Educational Background: B.A. History (Michigan State University)
Major Field: Modern Europe
Minor Fields: Food & Alcohol; Comparative Empire
Research Language: French and Italian
Committee: Dr. Ronen Steinberg (Chair), Dr. Karrin Hanshew, Dr. Helen Veit, and Dr. Charles Keith
Office Hours: Tuesdays, 3-5pm or email for an appointment
While training in the broader field of Modern European history, I am specifically committed to the study of twentieth-century France. My research focuses on the politics of food and consumption; the history of public health and science; and French political culture more generally.
My dissertation – tentatively entitled “Regenerative Diets: The Politics of Food and Public Health in Interwar France” – hones in on these interests. In this project, I use food to examine two, conjoined crises in interwar Europe: the crisis of sociopolitical upheaval and the crisis of public health. Using France as a case study, I map how the two intersected: the interplay of a growing cultural pessimism and anxieties over health. To examine this, I privilege food and diet as analytical tools. My primary interest is in demonstrating how fears over French eating habits politicized public health. Doing so, I explore how the science of healthy eating and public health shaped – and were shaped by – broader fears of national decline, “biological degeneration,” and sociopolitical upheaval. Charting this dialectical relationship between French political culture and the science of health, I argue that diets attempted to heal both the physical and cultural wounds of total war.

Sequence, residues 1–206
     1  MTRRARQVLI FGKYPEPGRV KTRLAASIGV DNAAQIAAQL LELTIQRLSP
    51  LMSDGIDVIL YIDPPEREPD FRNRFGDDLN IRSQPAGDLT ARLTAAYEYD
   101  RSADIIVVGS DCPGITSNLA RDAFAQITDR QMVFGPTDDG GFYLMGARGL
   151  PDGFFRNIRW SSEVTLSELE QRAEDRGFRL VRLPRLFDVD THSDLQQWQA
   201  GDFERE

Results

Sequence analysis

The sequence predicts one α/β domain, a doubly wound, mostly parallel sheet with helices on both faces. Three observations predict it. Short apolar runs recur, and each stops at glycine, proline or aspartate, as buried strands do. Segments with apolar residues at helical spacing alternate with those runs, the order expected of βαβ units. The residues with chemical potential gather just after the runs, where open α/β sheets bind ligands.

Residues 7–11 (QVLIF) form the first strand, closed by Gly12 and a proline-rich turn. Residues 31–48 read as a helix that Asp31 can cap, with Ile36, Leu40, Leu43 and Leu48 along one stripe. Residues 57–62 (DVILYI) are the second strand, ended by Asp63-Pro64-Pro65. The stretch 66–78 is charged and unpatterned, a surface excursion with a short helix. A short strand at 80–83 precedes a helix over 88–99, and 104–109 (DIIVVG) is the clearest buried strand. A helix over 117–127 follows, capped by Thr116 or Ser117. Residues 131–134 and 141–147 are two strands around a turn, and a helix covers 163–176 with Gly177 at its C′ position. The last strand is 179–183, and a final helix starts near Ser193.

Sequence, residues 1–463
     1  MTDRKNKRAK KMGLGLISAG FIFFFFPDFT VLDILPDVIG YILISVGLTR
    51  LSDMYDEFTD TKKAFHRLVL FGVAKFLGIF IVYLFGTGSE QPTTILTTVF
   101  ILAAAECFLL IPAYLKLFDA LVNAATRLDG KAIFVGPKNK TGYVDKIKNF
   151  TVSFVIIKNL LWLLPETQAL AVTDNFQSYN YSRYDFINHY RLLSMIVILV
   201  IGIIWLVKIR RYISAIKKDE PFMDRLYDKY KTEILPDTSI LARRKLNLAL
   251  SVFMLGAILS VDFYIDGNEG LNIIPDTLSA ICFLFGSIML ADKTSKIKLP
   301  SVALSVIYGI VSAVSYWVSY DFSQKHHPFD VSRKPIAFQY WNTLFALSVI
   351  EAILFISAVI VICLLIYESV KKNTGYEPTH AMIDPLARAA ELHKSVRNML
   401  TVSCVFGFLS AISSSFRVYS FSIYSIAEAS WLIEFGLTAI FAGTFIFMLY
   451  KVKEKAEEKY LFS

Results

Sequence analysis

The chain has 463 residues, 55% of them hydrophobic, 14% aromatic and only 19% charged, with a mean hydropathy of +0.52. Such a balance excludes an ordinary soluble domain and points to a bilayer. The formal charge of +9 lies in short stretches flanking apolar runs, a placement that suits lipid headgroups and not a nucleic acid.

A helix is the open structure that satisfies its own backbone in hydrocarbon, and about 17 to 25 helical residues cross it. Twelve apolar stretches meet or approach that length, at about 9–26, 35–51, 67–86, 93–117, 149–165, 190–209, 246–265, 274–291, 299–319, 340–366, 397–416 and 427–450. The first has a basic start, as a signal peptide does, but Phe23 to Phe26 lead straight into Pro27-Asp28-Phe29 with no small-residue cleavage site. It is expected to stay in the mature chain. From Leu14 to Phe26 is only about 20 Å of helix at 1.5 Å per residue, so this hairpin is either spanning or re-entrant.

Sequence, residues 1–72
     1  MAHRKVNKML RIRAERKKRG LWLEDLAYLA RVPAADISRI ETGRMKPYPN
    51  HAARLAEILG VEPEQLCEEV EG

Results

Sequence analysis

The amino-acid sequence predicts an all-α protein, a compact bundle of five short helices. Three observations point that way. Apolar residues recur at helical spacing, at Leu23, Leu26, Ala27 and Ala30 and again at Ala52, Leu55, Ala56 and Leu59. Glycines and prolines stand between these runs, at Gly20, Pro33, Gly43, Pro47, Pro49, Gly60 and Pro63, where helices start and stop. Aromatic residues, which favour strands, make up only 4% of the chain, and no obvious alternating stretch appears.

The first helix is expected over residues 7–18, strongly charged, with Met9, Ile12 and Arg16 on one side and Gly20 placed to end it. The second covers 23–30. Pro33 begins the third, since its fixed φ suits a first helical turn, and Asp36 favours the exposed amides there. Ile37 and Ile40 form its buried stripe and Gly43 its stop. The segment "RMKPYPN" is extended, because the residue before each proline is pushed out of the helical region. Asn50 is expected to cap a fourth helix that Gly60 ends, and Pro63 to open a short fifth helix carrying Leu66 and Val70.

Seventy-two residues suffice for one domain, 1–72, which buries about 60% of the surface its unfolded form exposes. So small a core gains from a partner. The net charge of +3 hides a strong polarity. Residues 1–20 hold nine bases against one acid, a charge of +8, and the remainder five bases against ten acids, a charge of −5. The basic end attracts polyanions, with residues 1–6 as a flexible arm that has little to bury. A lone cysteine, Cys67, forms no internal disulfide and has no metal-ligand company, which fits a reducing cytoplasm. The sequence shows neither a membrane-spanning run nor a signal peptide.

Broaching questions of identity and biopolitics, I approach my dissertation with the eye of a political historian. I specifically conceive of diets – programmatic regimes of healthy eating deemed “scientific” – as ideologically-informed programs of population politics. My project examines how proponents of different diets attempted to create both healthy physical bodies and healthy social subjects—how interwar diets both challenged and attempted to (re)construct ideas of “Frenchness” in the aftermath of World War I. At the same time, I examine interwar French identity in a European key. Facing contemporaneous crises – and sharing similar eating anxieties – I chart how diets became a vehicle for conceptualizing France as “European.”
In a certain sense, my dissertation builds off my recently completed master’s thesis: “Feeding Aspiration, Consuming Anxiety: Food Politics and Republicanism during France’s Terrible Year.” An examination of hunger during the 1870-1 Siege of Paris, I argued that Parisians used food politics to conceptualize what France would look like – politically, socially, and culturally – after twenty years of Bonapartist rule. The subsistence crisis of the siege, I asserted, became a vehicle by which French expressed their aspirations and anxieties about France’s national future.
Ultimately, then, my work positions itself somewhere between political and food history—it examines how ideology conditions and politicizes everyday eating habits. Following this line, I am committed to analyzing the political in a broad sense—from the top-down and bottom-up.